journey in video
I admired him - for his talent, recovery and kindness. Photo: Feb. 2012. Thank you, Robin (& wife Susan)
Richard Jeni encouraged me to move to Los Angeles every time I performed with him in Chicago. I did, and he gifted me $100 when I was broke. In exchange, he asked that I pay it forward.
I AM ALL OF THESE THINGS:
It's taken years to fully understand that I am everything that my stories have made me. I wanted to separate myself into parts that others may find most appropriate. I am queer. I love God. I cuss too much. I love big. I have turned to alcohol and drugs for refuge. I no longer use drugs or alcohol for relief. I am a teacher and a counselor and a performer, a mom, daughter, auntie, God Mother and wife. And I'm silly and I did graphic design for years. And I can be VERY serious at times.
Today I realize I am doing an injustice to myself and to the world if I stifle any part of who I am in this life. I've come to believe that striking a wobbly balance between sanity and service is my greatest goal. It is from that place that I can do the best job of serving my purpose. SIMPLE. Creating and learning - learning how to love all of me so that I can love all of you.
...and on the radio
I DREAMED OF BECOMING FAMOUS LIKE MICHAEL & WHITNEY:
I wanted to be famous. I just knew from my small little world that people in Hollywood were more sophisticated than the people in my life. I just knew that nobody screamed or hit or hurt in that magical place. I'd feel such spirit when I heard Michael or Whitney sing it would bring me to tears at times. I assumed that Hollywood was as beautiful a place as their voices were magical. I just knew that it felt deeply.
Since I held those beliefs, or delusions, a lot has happened. I've gone to college, been a graphic designer for many years. I've been in and out of relationships due to low self esteem and alcohol. I came out of the closet, studied Improv at Second City and Improv Olympic in Chicago. I began doing stand-up in Chicago, where the likes of Richard Jeni told me to move to LA - that I would never become what I could be as a performer in Chicago. I had already applied to McCormick Seminary on the South Side of Chicago. I had dreams of doing street ministry or comedy for Saturday Night Live. I couldn't decide. Through ministry I wanted to love and care for those often forgotten on the periphery. There didn't appear to be a bright future in 1999 for lesbians getting ordained in the Presbyterian Ministry. I decided to move to LA after a long battle to win acceptance to the Seminary... I was in fact finally accepted but was already swept up in the momentum of leaving town. I went after comedy and had some success.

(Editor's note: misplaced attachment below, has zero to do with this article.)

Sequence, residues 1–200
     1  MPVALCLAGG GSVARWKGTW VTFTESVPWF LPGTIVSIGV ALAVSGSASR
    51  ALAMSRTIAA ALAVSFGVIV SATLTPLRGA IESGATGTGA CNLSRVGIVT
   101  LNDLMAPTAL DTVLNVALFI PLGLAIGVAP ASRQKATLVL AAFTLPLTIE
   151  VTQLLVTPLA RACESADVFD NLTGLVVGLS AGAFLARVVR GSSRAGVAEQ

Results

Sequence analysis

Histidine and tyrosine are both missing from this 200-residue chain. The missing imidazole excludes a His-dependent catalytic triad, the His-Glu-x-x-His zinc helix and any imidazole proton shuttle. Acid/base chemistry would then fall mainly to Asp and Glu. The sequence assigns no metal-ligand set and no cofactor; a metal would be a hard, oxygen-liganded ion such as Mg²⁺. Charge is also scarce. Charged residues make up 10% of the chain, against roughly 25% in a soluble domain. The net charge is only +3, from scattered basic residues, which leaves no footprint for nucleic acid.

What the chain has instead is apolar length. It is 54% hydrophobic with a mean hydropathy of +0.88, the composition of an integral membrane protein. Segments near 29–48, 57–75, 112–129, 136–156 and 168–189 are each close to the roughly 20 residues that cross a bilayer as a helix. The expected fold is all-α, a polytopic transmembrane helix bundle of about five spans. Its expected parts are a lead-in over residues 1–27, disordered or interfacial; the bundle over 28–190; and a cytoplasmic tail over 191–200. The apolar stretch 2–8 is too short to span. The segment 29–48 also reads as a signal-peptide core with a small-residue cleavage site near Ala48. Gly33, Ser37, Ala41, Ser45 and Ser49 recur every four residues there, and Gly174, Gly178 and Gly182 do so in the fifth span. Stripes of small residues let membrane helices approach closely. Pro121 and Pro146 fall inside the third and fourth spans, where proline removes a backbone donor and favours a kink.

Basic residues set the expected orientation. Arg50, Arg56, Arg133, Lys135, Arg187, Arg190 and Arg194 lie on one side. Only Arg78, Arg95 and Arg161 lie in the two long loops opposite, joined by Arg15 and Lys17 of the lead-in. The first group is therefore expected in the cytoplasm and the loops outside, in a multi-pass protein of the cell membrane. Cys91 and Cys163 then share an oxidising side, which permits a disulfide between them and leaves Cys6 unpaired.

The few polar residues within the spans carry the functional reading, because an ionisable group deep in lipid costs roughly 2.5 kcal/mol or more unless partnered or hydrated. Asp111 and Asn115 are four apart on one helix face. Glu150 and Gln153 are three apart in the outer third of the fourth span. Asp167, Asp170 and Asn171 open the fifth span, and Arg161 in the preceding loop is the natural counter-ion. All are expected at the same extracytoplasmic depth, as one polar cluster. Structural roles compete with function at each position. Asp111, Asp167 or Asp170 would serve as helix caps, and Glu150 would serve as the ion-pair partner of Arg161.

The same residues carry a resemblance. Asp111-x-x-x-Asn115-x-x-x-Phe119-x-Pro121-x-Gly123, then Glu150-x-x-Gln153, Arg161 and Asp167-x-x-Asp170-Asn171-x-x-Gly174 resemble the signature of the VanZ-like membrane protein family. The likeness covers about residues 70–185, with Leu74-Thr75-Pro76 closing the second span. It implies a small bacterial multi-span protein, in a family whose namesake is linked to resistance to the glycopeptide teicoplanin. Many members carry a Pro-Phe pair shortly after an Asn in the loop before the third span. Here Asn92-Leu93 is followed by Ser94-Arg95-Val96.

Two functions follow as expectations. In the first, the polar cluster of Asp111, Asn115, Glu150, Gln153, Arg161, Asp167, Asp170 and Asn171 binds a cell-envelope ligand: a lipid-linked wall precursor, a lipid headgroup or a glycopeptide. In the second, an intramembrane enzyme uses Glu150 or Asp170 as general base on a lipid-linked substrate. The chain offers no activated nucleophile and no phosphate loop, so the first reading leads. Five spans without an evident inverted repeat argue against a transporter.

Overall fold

Then I dealt with my drinking becoming much more than social lubricant and I found myself dealing with much greater demons than appeared to be the case for my comedy peers.
I had to make a choice to stay sober if I were to live. Many folks passed me by and became very successful. I did comedy time and again for recovery events. One of my last I was honored to meet the late and great Robin Williams. He and his wife Susan were warm and kind. Robin was quite forthcoming about his struggles to stay well since his relapse after many years clean. I had no idea that we would lose him hardly two years after that.
I've watched many larger-than-life persons leave us, allegedly in the throws of mental illness and/or addiction. Michael, Whitney, Prince, Robin, Richard Jeni and other angels have left remarkable bodies of work behind. As I write this blog I am prayerful about my life's next steps. I've always had a desire to connect deeply with other human beings in the world. Performance generated that connection for a while. Now I find it with other people in recovery from addiction and challenging lives.
I believe we need more focus on the soul, less focus on material things. Our values are goofed. Our hearts are broken and for all of the joy that exists, we are socialized to embrace tragedy with our attention. Those are my thoughts. I will not embrace tragedy. I've seen too many people and families recover.
I choose to embrace HOPE.
I'm a Hope Dealer.